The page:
Meeting Uncle Charlie

       My uncle Charlie drove up in his red sedan, the car in good shape but an older model, and parked to the left of our driveway. I stood behind my father. I knew several of my uncles well— all of them liked to tease and tickle me while I pretended to be annoyed. This new uncle was an enigma. Not a stranger, not really; I’d heard my dad mention his brother once or twice. But he wasn’t familiar either.

       I don’t remember exactly when this visit happened. Long enough ago that the boundaries of the memory are hazy like yellowed newspaper curling at the edges, or a sepia-tone photograph with indistinct faces. But I must have been at least five or six to remember it as well as I do.

My family waited on the sloping driveway to greet him. Katie, my sister, leaned against my mom. Charlie was a helicopter crew chief with the Marines and handsome like my dad—blond and blue-eyed with a dimpled smile.

       Dad embraced him, and Mom shook his hand; she hadn’t seen him many times since she and Dad got married over a decade ago. Katie and I came forward to be introduced.

       “Hey, there,” Uncle Charlie said to us. Anyone could see he was a little uncomfortable with kids—we weren’t his first nieces, but we were the youngest—and he tugged at his ball cap a little, reminding me of my papaw.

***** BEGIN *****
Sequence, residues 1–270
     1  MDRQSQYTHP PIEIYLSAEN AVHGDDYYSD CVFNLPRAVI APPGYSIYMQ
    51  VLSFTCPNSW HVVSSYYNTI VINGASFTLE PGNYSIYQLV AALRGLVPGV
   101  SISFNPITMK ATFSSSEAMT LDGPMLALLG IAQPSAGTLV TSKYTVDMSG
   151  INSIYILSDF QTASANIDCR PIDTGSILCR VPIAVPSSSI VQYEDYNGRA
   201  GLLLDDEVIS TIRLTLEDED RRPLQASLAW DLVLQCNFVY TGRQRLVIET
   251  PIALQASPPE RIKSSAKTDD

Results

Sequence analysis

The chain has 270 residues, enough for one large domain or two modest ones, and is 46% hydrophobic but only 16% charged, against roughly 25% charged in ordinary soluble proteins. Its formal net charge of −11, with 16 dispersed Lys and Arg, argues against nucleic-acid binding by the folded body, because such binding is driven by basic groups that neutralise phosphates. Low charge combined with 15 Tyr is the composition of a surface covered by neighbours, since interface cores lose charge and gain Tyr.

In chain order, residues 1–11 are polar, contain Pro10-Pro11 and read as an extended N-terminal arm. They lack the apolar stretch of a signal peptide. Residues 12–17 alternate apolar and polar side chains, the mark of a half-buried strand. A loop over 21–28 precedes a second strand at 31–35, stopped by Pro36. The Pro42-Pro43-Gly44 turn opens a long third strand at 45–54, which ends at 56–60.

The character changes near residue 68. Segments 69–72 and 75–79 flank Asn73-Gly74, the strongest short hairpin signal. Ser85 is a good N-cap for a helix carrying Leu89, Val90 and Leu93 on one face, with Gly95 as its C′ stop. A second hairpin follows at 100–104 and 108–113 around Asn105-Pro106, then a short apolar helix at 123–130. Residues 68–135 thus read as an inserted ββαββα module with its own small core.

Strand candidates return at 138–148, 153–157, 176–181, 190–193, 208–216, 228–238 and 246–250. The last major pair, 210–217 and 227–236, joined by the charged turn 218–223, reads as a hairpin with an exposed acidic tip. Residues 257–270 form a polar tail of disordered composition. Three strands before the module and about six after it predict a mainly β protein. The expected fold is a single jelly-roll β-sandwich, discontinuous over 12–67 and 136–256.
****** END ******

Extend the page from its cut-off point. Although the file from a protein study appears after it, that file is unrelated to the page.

Mom and Dad stood outside with Charlie by his red car. They talked and caught up, glad that Charlie stopped by while he was off-duty. Like most siblings, Dad and Charlie enjoyed trying to embarrass and one-up each other. Usually, their stories cut off with Mom hissing “Ed!” at my dad, because Katie and I were young and impressionable.

      I don’t remember the ending to this memory. Maybe the five of us went to dinner, or Charlie came inside to watch a Marshall football game with Dad. Maybe we drove to St. Albans to visit Mamaw and Papaw, and Mamaw entertained Katie and me by playing “Red Light, Green Light” and “Mother May I” on the cracked sidewalk. She’d stand on the porch and smoke a cigarette and watch us hop closer and closer at her instruction.

       What I do remember: Charlie’s brown leather jacket was soft as he hugged me goodbye and ruffled my short hair.

       That leather under my cheek still feels as real to me as my hands on this keyboard. But there’s a problem: my uncle Charlie died in 1977. Fourteen years before I was born, and several years before my parents even met.